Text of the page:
If you want a seasoned advise, you have to change your mind. Completely.

The thing that being your main concern, in fact, is the most negligible thing in the world. You may use one way or another with not a slightest difference. There is no "most reliable" way. That's just several ways of doing the same.

On the other hand, "there is no need to parametrization" is a grave delusion.
Parameterized queries can do any good only if used explicitly, throughout whole site, with no exceptions. One exception can spoil all the defense.

Not to mention that parameterized query can make your life much, much easier.
Prepared statements are not such an ugly code that propagated on this site by some enthusiasts. It's actually quick and neat way of writing safe code.
Say, the code that took cetver a dozen lines can be done in just one:

$data = $db->getAll("SELECT * FROM table WHERE id = :placeholder:",$id);

and be perfectly safe
without ugly manual binding.
without error-prone manual casting.

Another example to show you the power of placeholders

$sql = "SELECT * FROM table WHERE tstamp BETWEEN ?i AND ?i AND flag=?s AND IN in (?a)";
$data = $db->getAll($sql,$min,$max,$flag,$array_of_ids);

Two lines.

I am not too good with PDO but it would be like a dozen lines of code even without connect

$in  = implode(',', array_fill(0, count($array_of_ids), '?'));
$sql = "SELECT * FROM table WHERE tstamp BETWEEN ? AND ? AND flag=? AND id IN ($in)"
$sth = $dbh->prepare($sql);
$stmt->bindValue(1, $min);
$stmt->bindValue(2, $max);
$stmt->bindValue(3, $flag);
foreach ($array_of_ids as $i => $id) {
  $stmt->bindValue(($i+4), $id);
$result = $sth->fetchAll(PDO::FETCH_ASSOC);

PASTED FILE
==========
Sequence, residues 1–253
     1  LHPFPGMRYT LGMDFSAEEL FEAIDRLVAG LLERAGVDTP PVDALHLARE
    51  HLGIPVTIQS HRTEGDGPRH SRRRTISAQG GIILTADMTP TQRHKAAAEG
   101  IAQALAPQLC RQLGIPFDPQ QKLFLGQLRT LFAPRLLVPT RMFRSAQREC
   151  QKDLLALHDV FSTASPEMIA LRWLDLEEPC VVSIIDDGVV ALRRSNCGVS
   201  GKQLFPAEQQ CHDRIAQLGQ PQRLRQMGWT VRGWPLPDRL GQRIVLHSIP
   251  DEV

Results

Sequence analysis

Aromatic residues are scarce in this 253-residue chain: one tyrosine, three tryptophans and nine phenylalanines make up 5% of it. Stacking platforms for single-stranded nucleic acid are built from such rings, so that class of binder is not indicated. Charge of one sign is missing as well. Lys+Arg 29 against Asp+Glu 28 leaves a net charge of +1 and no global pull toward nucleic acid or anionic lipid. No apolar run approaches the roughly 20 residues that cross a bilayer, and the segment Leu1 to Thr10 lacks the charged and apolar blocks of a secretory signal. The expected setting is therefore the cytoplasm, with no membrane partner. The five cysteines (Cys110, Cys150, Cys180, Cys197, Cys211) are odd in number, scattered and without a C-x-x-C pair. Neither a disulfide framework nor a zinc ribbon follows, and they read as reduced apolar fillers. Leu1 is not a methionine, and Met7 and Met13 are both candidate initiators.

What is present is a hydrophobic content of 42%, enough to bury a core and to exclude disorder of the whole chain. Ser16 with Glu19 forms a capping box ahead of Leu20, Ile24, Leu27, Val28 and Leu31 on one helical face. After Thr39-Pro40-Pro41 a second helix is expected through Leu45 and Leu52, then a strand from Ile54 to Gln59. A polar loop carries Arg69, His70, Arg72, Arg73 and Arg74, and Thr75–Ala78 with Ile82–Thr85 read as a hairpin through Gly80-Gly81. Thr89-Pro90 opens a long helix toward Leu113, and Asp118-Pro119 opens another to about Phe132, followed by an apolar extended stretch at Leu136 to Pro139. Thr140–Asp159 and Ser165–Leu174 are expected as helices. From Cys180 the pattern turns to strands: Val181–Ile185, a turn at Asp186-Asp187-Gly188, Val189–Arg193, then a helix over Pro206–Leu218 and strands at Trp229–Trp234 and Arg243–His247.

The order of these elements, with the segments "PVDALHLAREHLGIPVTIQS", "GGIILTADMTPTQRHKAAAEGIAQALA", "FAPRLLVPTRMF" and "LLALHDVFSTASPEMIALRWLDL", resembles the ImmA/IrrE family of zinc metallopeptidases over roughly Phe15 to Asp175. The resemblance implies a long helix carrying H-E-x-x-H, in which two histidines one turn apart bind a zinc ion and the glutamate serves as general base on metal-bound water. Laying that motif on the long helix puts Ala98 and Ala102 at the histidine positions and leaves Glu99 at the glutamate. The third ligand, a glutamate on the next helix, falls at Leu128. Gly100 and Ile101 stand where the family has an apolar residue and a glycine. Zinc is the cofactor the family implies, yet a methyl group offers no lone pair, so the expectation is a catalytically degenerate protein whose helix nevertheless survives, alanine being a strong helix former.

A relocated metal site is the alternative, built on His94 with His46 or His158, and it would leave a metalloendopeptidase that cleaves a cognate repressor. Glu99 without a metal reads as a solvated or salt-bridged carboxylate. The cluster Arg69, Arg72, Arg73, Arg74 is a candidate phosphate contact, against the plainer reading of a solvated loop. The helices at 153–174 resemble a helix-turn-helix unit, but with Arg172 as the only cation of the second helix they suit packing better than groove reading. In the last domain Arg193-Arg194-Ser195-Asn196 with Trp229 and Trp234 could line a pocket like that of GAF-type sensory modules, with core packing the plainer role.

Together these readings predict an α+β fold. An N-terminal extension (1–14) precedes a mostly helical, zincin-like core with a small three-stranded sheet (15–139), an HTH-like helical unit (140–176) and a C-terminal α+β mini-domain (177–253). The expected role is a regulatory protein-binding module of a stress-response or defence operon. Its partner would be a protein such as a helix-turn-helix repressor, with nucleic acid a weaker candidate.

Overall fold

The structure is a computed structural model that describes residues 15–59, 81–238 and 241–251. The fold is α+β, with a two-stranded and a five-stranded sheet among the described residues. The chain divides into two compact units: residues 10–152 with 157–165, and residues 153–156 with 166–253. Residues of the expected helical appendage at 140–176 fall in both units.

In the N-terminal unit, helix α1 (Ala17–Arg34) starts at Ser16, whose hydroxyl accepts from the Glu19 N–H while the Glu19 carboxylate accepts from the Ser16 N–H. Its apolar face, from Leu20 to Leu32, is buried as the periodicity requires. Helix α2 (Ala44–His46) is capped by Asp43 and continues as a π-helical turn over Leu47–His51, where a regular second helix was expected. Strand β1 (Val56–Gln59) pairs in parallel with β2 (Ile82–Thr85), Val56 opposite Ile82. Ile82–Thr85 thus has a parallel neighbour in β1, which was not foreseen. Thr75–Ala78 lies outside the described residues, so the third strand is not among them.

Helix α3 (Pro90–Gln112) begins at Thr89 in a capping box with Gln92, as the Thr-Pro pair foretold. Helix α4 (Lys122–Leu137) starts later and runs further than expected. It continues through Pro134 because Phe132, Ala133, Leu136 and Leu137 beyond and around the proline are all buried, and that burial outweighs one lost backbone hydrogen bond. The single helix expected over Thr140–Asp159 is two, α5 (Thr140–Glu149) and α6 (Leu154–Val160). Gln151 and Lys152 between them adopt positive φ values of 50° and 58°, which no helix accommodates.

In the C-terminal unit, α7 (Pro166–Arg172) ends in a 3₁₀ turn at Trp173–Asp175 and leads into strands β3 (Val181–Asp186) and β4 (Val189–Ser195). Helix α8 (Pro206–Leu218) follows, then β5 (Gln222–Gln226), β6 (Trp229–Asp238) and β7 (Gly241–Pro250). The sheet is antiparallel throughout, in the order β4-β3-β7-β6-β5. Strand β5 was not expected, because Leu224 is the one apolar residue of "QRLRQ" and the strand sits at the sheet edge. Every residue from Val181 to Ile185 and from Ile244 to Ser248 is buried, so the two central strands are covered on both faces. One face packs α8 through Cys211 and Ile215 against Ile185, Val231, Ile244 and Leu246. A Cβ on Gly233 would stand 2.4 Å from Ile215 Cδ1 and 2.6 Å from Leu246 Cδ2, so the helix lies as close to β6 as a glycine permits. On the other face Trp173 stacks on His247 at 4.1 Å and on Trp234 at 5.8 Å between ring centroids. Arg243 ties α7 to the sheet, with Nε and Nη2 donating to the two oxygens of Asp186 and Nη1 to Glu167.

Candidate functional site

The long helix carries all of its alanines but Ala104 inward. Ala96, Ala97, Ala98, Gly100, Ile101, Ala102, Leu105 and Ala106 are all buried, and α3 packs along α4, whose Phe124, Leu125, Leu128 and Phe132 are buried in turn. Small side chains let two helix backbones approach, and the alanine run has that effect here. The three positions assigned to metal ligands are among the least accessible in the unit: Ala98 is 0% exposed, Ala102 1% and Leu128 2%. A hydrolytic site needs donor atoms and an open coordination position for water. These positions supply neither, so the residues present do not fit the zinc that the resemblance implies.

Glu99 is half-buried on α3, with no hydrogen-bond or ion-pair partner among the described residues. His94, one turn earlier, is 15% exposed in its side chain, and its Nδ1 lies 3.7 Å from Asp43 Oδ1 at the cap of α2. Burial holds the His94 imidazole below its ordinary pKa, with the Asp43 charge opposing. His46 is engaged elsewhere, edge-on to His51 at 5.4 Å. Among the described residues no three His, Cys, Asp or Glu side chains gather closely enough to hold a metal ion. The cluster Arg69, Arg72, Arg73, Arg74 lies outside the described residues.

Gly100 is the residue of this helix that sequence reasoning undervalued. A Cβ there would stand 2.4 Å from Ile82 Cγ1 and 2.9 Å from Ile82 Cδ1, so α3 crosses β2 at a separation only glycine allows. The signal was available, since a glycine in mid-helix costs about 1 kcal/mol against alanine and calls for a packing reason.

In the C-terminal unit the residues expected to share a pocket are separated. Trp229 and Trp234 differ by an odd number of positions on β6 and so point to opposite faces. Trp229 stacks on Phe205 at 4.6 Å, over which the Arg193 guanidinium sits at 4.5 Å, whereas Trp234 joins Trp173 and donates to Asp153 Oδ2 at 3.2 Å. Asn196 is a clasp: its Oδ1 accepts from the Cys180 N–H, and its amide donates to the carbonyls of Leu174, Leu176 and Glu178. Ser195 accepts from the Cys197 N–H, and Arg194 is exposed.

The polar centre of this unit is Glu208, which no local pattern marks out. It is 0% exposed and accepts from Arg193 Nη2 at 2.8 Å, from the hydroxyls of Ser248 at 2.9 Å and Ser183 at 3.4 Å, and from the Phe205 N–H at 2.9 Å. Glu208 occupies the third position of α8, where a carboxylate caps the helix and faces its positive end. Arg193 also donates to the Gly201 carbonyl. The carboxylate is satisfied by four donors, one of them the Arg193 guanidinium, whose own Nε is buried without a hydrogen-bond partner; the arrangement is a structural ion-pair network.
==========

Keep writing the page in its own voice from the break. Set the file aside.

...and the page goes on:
And comparable amount with your current manual casting.

This is actually the power of programming.
One can write a program to do all the dirty job for them.
An approach almost never seen on this site.

Sapienti sat

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very interesting approach to make prepared statement a constant culture of coding. I really appreciate your way to use prepare statement in one line code; but I wonder how to use it in PHP mysqli? –  All Mar 13 '12 at 11:04
One have to invent a type-hinted placeholder for this. the query actually have to be like "SELECT * FROM table WHERE id = ?i", where ?i is a placeholder and i is a type. Some parsing have to be done to get the placeholders and their types from the query. After that all data can be easily binded/substituted according to the placeholder type. –  Your Common Sense Mar 13 '12 at 11:41
-1 for condescension. –  Matthew Read Mar 14 '12 at 16:46
Incidentally, note that the code you've replaced from cetver's example only replaces four lines, not 12. You didn't bother writing the other code. –  sarnold Mar 14 '12 at 22:58
@sarnold well spotted! That's the problem with answers on this site. They never encourage good code styling or a slightest abstraction, never show a better approach! Face the reality, look at the questions - the codes always contains the same ugly raw API function calls. Even connection code seldom separated! And it's real codes right from the production. You all have an excuse for yourself - "it's just a demo!" but you have no idea that this "demo" always copy/pasted and used as is. So, it's 13, not 4. –  Your Common Sense Mar 15 '12 at 3:18

You can use this function, mysql_real_escape_string() to espace special characters, but what you are doing its fine to protect an sqli attack.

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'mysql_real_escape_string()' is not reliable at all. This is the reason that parametrized mysqli is actually needed. –  All Mar 12 '12 at 13:26
mysql_real_escape_string being useless for the numbers. –  Your Common Sense Mar 13 '12 at 9:28